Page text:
Tabs 11 and 11' are respectively disposed on the outer peripheral ribs 6 and 7 and on the inner peripheral ribs 8 and 9. The tabs begin at the upper edge of these ribs and are bent into interstices between peripheral ribs.

FIGS. 2 and 3 show that each of the support springs 10 which are each disposed in a respective one of the meshes guiding a fuel rod, has an upper bearing surface 12 and a lower bearing surface 13. According to FIG. 3, the bearing surfaces 12 and 13 rest on a front side 14 of a rib 15 surrounding the mesh. The front side 14 faces toward the rod. These bearing surfaces 12 and 13 are joined to two flat legs 17 and 18, each of which adjoins one bearing surface, through a singly bent, resilient middle part 16 facing toward the fuel rod.

The bearing surface 12 changes into a spring end 19, which advantageously protrudes beyond a contacting edge of the front side 14 of the rib 15. A corresponding spring end 20 on the bearing surface 13 is advantageously bent around a contacting edge of the rib 15 and extends on the back side of the rib 15 as far the spring end 19, where these two spring ends are joined to one another.

Since the two spring ends are fastened together, the rib 15 is enclosed by the spring. Therefore, the spring cannot fall off. On the back side of the rib 15 facing away from the rod, the two spring ends encompassing the rod may form a spring part 28 ("double spring") that is mirror-symmetrical to the bearing surfaces 12 and 13 and the singly bent middle part 16.

The front side 14 also has a protrusion 21 pointing to the bent middle part 16, and if the spring is constructed with mirror symmetry, then a protrusion 22 pointing to the mirror-image spring part 28 is also provided on the back side.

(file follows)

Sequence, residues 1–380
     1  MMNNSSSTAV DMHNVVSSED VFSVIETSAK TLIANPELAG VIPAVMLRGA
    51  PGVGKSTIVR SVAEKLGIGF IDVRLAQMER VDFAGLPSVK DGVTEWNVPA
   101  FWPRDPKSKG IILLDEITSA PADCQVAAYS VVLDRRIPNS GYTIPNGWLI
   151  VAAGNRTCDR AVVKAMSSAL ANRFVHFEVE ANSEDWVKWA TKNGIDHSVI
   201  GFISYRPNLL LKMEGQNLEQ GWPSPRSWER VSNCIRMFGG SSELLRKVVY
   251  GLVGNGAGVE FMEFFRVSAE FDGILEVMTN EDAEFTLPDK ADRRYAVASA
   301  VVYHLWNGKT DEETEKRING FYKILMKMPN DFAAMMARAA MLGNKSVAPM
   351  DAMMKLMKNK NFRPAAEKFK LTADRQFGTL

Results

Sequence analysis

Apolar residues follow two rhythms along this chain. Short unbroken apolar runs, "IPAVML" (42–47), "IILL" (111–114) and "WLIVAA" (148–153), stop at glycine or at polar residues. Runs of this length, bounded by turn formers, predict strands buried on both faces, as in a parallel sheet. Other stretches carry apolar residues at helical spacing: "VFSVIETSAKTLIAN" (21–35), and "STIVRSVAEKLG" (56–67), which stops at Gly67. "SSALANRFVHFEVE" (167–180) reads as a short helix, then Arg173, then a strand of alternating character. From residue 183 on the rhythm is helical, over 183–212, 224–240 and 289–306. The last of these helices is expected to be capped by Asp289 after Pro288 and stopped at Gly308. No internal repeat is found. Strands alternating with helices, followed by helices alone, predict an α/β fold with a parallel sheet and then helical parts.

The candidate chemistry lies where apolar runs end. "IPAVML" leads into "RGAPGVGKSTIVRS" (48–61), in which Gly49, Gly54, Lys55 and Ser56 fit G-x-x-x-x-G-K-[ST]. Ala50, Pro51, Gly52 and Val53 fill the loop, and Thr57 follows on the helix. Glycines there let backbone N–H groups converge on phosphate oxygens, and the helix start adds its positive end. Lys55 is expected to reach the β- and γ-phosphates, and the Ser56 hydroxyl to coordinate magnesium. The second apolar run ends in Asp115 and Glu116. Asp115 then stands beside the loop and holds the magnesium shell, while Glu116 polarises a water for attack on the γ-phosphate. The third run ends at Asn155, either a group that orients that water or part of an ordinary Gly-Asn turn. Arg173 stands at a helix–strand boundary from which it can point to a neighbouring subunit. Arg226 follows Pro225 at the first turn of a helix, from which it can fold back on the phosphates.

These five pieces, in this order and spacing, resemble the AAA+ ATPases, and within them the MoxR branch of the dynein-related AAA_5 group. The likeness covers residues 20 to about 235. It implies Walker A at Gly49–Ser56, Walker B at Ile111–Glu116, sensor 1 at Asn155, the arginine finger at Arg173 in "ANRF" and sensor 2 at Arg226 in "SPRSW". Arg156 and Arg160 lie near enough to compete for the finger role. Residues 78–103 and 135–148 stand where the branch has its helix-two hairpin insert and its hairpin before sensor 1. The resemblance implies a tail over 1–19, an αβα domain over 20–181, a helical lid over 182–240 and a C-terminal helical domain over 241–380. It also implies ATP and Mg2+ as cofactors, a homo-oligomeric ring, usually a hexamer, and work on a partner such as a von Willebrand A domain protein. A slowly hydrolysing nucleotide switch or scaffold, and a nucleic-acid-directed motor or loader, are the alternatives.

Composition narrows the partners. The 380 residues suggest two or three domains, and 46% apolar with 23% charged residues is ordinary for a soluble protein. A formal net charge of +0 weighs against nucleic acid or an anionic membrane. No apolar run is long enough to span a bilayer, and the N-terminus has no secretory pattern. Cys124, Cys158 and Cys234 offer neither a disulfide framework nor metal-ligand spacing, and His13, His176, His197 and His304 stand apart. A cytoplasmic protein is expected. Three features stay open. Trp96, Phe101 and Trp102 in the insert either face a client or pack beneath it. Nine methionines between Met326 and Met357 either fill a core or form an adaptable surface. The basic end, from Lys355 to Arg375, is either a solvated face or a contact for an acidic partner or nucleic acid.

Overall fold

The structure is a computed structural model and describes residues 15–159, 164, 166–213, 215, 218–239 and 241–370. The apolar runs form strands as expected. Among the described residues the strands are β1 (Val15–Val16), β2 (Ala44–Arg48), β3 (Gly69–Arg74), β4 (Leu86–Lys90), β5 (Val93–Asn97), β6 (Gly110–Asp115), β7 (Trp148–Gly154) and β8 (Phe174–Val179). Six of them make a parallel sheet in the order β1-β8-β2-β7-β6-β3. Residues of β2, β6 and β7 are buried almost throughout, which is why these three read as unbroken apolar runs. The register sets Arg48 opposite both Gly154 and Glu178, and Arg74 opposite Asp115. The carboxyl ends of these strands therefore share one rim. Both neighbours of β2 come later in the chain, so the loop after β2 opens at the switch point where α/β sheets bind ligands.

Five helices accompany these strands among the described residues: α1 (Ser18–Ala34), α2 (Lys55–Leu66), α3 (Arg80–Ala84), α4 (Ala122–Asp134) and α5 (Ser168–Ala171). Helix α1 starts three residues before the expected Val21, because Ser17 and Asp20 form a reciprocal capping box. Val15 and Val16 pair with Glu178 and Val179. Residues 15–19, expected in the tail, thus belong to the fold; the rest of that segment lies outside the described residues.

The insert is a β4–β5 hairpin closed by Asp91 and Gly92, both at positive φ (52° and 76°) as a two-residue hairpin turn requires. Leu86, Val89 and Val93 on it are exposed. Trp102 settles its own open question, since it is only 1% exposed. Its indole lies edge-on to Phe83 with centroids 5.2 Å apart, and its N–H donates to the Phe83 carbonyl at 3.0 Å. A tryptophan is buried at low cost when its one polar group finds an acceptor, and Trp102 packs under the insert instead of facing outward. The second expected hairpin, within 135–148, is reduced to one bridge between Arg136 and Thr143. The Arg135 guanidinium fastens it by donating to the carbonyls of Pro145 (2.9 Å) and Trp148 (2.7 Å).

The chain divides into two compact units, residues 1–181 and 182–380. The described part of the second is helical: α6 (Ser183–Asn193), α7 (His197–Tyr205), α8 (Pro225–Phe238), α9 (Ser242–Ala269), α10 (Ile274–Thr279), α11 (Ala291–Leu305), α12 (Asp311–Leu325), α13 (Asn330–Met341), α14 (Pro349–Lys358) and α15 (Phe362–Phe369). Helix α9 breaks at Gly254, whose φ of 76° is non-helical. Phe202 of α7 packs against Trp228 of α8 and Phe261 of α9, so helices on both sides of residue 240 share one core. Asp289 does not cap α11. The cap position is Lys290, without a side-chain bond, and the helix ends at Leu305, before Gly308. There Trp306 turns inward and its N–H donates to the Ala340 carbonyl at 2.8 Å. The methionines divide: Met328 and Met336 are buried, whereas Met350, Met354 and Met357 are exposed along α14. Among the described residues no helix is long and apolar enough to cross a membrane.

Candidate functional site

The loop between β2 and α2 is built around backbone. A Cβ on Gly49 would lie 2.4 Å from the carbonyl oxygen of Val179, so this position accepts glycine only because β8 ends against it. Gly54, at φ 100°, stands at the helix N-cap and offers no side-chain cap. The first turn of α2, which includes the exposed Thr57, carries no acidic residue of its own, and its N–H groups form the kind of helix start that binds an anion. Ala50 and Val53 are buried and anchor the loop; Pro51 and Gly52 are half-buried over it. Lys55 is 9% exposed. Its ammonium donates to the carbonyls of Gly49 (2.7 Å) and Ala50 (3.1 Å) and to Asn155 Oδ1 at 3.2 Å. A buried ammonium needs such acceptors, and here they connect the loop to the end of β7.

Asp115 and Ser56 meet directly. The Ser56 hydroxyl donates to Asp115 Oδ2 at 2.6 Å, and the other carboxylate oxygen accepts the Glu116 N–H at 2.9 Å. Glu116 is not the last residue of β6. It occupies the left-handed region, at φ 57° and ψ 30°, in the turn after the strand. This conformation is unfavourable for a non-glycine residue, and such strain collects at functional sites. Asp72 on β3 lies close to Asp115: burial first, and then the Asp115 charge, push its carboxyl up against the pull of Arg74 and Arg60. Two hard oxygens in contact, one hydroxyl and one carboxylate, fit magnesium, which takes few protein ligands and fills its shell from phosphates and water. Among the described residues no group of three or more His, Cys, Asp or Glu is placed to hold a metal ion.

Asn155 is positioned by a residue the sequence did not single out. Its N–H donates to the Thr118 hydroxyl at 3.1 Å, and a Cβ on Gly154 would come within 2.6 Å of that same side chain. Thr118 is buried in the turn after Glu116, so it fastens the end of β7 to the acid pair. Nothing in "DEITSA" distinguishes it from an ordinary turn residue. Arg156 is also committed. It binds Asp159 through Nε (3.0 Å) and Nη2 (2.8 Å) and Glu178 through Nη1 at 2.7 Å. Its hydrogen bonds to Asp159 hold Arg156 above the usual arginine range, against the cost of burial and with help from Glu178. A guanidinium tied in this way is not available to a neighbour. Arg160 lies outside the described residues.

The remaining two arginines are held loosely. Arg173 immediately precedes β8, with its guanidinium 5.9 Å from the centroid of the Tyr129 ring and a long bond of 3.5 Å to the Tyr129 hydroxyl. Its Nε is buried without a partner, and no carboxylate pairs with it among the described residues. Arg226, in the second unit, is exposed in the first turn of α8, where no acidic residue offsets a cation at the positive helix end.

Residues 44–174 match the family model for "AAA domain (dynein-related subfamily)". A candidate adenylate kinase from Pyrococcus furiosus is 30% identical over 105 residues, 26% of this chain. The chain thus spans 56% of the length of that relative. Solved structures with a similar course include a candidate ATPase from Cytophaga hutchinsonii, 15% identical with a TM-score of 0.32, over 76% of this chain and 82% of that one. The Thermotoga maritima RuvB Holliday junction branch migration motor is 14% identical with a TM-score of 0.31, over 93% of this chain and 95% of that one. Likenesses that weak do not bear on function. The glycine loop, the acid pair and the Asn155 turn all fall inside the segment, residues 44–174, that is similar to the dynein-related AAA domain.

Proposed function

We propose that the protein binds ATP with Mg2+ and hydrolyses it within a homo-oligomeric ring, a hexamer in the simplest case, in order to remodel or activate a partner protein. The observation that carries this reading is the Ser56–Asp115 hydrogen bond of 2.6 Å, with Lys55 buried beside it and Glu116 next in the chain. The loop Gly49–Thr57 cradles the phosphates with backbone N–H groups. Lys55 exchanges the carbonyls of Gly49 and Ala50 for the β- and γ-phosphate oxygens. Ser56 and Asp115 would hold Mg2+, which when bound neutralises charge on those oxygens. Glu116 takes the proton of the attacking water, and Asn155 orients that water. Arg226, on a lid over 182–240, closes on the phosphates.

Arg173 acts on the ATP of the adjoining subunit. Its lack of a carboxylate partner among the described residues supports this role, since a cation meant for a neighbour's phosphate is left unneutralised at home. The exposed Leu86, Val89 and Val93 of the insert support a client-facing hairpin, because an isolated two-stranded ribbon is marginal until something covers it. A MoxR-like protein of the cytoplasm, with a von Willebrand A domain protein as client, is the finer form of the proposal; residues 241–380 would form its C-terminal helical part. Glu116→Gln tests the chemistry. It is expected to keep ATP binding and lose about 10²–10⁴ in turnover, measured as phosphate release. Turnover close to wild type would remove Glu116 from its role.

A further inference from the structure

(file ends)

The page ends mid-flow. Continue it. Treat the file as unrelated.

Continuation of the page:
As FIG. 4 shows, the spring 10 may encompass two cans that are fastened together and form the meshes of two adjacent fuel rods. Accordingly, a further inner rib 23, which is also enclosed by the spring and on which the adjacent rod is supported, rests on the inner rib 15.

FIG. 4 also shows two bearing elements 25, 26 that are constructed as rigid knobs on the rib 15. The disposition of the bearing elements 25, 26 on the rib 15 is shown in FIGS. 5 and 6.

FIGS. 7 and 8 clearly show that in two different configurations of the fuel rods in a boiling water fuel assembly with a rectangular cross section, the outer peripheral ribs 6 and 7 are joined only by the inner ribs in the form of the cans 5, so that these ribs 6 and 7 form an outer frame around the spacer that has a gap with an opening angle α that is close to 90.

An edge of the rib 15 resting on the spring end 20 (and naturally the corresponding edge of the rib 21 as well in the case of a double-sided spring) has a recess 24 formed therein that is engaged by the spring end 20. This prevents lateral shifting of the spring. An equivalent recess may be provided on both edges of the rib 15, as FIG. 5 shows.

While FIGS. 1-9 show spacers in which all of the inner ribs are constructed as cans and all of the fuel rods are seated in these cans, FIG. 10 shows an embodiment in which only the inner rods are seated in meshes formed by inner ribs 30, 31, while these inner ribs are fastened, for instance by welding, to outer ribs 32, 33, so that the meshes with the peripheral rods are each formed partly by inner ribs and partly by peripheral ribs. Once again, however, the peripheral ribs may be joined together only by inner ribs.

This is possible especially if knobs 35 are provided on the corners of these outer rods. The knobs fix the outer rods relative to a fuel assembly channel that rests on them.

One such knob is shown in FIG. 11 as well as in the sectional views of FIGS. 12 and 13, which are taken along the lines XII--XII and XIII--XIII, and which include two halves 37, 38 of a toroidal bead that are shaped as mirror images of one another. The toroidal bead is formed onto an outer rib 39.

The springs or tabs 10 that were already mentioned in conjunction with FIG. 1 may also have small knobs 40 seen in FIGS. 14-16, which are located downstream of the knob halves in terms of the flow and stabilize the position of the spacer without substantially contributing to the flow resistance.

FIG. 17 shows that lower edges 50 of the outer peripheral ribs 6 and 7 cover corresponding lower edges of the inner peripheral ribs, because these edges are located practically in the same plane. The same is true for the upper edges of the tabs 10 and 11 at the inner and outer peripheral ribs.